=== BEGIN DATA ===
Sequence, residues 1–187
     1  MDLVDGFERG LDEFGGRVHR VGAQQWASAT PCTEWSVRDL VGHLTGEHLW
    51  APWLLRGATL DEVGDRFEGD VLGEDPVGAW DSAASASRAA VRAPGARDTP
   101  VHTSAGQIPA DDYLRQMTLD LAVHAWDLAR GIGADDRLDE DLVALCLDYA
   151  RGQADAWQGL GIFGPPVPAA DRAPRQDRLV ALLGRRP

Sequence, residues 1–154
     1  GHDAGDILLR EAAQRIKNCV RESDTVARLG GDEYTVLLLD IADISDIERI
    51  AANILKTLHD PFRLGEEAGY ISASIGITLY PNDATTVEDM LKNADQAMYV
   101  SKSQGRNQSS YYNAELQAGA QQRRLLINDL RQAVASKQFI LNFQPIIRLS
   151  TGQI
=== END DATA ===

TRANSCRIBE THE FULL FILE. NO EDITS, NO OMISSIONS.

Sequence, residues 1–187
     1  MDLVDGFERG LDEFGGRVHR VGAQQWASAT PCTEWSVRDL VGHLTGEHLW
    51  APWLLRGATL DEVGDRFEGD VLGEDPVGAW DSAASASRAA VRAPGARDTP
   101  VHTSAGQIPA DDYLRQMTLD LAVHAWDLAR GIGADDRLDE DLVALCLDYA
   151  RGQADAWQGL GIFGPPVPAA DRAPRQDRLV ALLGRRP

Sequence, residues 1–154
     1  GHDAGDILLR EAAQRIKNCV RESDTVARLG GDEYTVLLLD IADISDIERI
    51  AANILKTLHD PFRLGEEAGY ISASIGITLY PNDATTVEDM LKNADQAMYV
   101  SKSQGRNQSS YYNAELQAGA QQRRLLINDL RQAVASKQFI LNFQPIIRLS
   151  TGQI